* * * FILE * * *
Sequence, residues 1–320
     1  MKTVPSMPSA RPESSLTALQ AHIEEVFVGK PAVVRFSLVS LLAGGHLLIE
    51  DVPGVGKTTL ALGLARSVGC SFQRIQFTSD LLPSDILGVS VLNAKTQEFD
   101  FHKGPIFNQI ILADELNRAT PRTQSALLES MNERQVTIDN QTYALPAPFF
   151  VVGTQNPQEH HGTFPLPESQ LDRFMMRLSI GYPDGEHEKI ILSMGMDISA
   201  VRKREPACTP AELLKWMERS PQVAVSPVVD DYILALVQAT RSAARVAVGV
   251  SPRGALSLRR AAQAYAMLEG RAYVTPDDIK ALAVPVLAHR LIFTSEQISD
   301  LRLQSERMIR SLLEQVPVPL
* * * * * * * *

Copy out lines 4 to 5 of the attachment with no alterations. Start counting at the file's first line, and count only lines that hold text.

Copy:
   101  FHKGPIFNQI ILADELNRAT PRTQSALLES MNERQVTIDN QTYALPAPFF
   151  VVGTQNPQEH HGTFPLPESQ LDRFMMRLSI GYPDGEHEKI ILSMGMDISA